How FinTech is changing Banking
Since joining Lendscape almost a year ago, I’ve been hearing opposing views on whether we are a FinTech or not. Depending on who you ask in our company, you will get a positive answer, a negative answer or a confused look. So, what is this FinTech about?
Financial Technology is a relatively new term, and its definition is somewhat cloudy and ambiguous. For me, the simplest definition is: Applying technology to improve financial activities. And for those who want to go into a bit more detail, we have to add the words ‘end-to-end process’ and ‘via the internet’. But don’t take my word for it, this is according to a 2017 study entitled ‘Taming the beast: A scientific definition of Fintech’.
It’s important to know that there are many types of FinTech: Banking, Payments, Investments, Financing, Insurance and Infrastructure & Enabling Technologies. And from here on, it gets a bit muddy. According to some, a true FinTech must replace at least one aspect of traditional banking. For example, a customer who needs to send money abroad might do it via the traditional method and go to the bank. For some, however, this might be too time-costly. Instead, they can use apps like Azimo, that enables the speedy transfer of money with a one-click application. This new company is an example of a true FinTech, because it offers a product that is in direct competition with a traditional bank.
Now that the definition is a bit clearer, we ask: where are we in terms of the FinTech timeline? As FinTech is such a young sector, it is easy to assume we are witnessing it in its first stages. But perhaps we are in phase two, or even phase three. Well, according to Chris Skinner, considered as one of the most influential people in financial technology, we are actually in phase three.
Bear in mind that here we are referring to the strictest of FinTech definitions, because if we’re not too strict with the definition, its roots could be traced back to the early 1900s, with the likes of Fedwire, a system that could move funds electronically. We could then continue to talk about the first credit card (1950), the first stock-market quotes on an electronic screen (1960), first ATM (1967), first online-banking (1983), etc.
Phase One: Disruption (1999-2014)
It is accepted by many that the modern era of true FinTech started with PayPal in 1999. For Chris Skinner, phase one began in 2005, with the emergence of the first platform designed to connect people who have money with people who need money (peer to peer), through a software algorithm called Zopa.
Anyway, FinTech began with the aim of disrupting or even destroying the banking system.
That was a good idea, but a little naïve. Banks exist for a reason, acting as a regulated intermediary of trust with money. Without that regulated structure, the system would collapse. That’s why disintermediation has been talked about for years, but has never happened. You can decentralise finance as much as you want, but it will always need some form of supervision from a trusted authority.
The FinTech community, therefore, realised it needed to work with banks, rather than to compete with them. Equally, the banks realised that the FinTech start-ups were providing useful services and began to talk to them, work with them, invest in them and showcase them.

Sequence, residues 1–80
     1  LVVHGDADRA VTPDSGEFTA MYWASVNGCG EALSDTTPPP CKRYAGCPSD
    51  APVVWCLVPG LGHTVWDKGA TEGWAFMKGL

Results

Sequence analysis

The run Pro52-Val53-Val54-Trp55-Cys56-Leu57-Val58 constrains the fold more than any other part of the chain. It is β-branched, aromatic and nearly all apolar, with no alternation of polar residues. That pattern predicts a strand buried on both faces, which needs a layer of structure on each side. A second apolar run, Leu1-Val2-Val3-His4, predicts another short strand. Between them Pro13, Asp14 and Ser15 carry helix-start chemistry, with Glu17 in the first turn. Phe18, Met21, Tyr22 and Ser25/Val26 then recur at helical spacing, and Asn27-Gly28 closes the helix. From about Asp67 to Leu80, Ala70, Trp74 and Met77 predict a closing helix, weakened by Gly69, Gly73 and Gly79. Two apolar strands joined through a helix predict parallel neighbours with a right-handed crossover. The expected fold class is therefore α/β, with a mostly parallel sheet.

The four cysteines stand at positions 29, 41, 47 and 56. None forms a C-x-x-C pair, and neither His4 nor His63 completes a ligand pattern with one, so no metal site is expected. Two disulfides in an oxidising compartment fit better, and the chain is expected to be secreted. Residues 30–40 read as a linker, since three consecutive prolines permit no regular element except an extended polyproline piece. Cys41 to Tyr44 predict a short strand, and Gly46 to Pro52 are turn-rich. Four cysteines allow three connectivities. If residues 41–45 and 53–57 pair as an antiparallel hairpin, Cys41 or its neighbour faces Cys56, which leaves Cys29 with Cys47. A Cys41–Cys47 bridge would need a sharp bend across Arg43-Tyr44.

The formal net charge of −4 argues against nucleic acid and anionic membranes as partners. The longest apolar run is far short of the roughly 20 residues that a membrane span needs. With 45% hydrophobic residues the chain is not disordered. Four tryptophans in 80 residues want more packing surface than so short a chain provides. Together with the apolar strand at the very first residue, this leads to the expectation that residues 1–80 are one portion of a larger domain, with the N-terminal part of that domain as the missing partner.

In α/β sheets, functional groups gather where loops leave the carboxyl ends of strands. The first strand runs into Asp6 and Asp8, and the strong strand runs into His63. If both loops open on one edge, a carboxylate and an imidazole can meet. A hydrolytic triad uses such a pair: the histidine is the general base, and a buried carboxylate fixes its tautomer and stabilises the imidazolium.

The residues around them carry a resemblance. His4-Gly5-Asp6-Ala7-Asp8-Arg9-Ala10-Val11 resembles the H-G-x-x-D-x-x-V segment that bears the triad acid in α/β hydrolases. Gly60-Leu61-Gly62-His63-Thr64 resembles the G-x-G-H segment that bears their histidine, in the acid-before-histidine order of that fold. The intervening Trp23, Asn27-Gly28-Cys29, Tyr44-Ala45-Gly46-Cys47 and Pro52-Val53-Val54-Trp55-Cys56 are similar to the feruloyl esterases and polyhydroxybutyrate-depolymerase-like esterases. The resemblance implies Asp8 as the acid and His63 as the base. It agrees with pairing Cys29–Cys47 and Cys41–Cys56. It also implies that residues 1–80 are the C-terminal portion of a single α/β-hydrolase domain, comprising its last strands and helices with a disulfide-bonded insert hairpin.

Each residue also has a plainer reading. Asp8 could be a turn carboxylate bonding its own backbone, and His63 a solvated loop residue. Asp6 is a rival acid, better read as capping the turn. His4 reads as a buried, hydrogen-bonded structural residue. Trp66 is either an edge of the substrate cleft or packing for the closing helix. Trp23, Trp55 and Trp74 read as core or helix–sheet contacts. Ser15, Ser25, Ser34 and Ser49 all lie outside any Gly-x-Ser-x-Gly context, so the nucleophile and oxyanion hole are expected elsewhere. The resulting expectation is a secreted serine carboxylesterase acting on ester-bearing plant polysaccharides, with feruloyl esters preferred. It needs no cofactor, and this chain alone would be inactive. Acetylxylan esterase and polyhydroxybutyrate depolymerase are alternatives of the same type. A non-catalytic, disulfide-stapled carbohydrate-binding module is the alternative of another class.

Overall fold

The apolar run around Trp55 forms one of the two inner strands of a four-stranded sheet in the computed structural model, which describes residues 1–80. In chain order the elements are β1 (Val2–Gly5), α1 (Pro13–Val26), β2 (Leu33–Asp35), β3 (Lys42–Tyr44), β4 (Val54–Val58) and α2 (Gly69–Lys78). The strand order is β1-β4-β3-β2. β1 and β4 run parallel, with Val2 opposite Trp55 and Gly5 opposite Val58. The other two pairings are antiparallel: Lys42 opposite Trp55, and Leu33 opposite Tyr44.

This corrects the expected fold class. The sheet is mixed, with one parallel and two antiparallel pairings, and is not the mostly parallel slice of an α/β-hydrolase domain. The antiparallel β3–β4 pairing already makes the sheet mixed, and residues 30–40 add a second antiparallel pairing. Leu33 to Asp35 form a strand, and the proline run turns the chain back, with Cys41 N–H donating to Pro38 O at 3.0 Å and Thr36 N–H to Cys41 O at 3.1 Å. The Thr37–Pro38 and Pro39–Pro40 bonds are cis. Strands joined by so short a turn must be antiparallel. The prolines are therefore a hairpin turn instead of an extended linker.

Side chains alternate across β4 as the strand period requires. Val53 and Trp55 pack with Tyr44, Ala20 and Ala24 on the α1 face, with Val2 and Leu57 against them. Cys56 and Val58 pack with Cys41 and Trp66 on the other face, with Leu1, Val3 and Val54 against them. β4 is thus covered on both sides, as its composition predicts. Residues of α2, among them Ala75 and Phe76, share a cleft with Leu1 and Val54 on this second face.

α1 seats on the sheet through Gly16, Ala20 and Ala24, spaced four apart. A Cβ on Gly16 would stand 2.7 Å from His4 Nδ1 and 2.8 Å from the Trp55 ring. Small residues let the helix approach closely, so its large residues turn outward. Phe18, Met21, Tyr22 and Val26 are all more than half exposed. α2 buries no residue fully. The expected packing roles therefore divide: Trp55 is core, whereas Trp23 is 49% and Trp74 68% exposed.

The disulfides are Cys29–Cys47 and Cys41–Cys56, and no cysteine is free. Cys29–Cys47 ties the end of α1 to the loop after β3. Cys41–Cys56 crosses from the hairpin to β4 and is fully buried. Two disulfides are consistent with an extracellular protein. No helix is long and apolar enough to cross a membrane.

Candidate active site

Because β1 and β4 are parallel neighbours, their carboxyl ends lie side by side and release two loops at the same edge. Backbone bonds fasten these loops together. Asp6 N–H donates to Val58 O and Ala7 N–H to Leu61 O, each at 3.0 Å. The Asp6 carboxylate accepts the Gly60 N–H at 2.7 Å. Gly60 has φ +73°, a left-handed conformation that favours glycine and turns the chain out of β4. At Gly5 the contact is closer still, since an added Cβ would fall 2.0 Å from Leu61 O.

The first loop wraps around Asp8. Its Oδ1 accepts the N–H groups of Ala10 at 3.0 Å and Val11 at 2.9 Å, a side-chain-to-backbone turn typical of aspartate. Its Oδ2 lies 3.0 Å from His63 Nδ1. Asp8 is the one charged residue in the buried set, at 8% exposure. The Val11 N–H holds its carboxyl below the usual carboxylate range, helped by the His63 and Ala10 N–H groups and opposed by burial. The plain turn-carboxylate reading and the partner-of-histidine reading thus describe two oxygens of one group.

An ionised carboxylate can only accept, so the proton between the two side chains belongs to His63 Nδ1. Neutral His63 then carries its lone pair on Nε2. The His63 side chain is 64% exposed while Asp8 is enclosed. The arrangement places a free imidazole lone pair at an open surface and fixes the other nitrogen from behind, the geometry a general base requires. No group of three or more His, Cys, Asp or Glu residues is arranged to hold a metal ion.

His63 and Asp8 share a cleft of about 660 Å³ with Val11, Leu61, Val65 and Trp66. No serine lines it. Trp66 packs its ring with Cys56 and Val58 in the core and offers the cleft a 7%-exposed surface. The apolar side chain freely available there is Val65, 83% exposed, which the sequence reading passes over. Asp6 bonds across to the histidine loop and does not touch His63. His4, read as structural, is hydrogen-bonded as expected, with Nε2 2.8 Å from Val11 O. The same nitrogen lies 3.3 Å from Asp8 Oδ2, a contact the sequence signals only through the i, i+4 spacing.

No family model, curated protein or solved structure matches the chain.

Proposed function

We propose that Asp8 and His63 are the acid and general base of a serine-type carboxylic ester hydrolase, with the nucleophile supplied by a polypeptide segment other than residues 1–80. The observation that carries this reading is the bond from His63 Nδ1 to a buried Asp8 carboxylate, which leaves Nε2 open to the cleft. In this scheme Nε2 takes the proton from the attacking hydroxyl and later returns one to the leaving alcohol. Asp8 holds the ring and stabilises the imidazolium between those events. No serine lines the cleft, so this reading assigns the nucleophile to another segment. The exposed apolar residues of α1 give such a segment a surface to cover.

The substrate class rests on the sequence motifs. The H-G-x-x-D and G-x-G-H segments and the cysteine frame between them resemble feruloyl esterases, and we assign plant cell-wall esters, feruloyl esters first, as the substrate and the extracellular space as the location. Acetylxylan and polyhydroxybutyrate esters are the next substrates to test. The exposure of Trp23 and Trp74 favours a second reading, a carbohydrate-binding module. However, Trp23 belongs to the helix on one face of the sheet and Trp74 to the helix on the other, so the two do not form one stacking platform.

Phase Two: Discussion (2014-2017)
The start of the second phase of the FinTech wave could be seen when deep discussions began, and banks did hackathons and innovation theatre. There wasn’t much tangible connection into the banks for FinTechs, however. Banks still preferred to build rather than buy or partner, but at least a conversation was being had.
Phase Three: Partnership (2017-2022)
Encouraged by regulatory sandboxes and seed-money investments, banks have now realised that not all FinTechs are a threat, and FinTechs have found that not all banks are old-fashioned.
The evolution of FinTech has moved fast. In less than 18 years, FinTech has evolved from disrupting and destroying the banks, to discussing and ideating with the banks, to collaborating and partnering with them. FinTech is changing banking, which is where we are now; the third phase of FinTech: partnerships.
Phase Four: Integration (2022-2027)
It should get interesting in the next 10 years, as we move from partnerships to fully integrating FinTech capabilities into the banking system through the likes of Open Banking and Open APIs. This is out there under PSD2, but it’s not really out there. PSD2 has been a bit of a damp squib, with many banks resisting being open. Equally, third parties haven’t really grasped the mantle of change yet. And some would say we need a PSD3 before real change will happen. PSD2 mandates that banks must make payments-data available to third parties through an Open API. PSD3 will mandate that third parties must make data available to banks through an Open API.
Phase Five: Renewal (2027+)
When we get to truly open platforms and markets of APIs, apps and analytics, then we can start to fully integrate banking with FinTech and Big Tech. Once this is complete, we will no longer need to talk about banks versus FinTech or even banking and FinTech. We will just talk about finance over the network, as it will be fully integrated as one seamless, frictionless system: internet-enabled, global and in real-time.
That’s the future! But going back to the present, what do we answer when someone asks whether Lendscape is a FinTech? That really depends on our audience.
Article Written by: Antony Blaszak, Market Research Analyst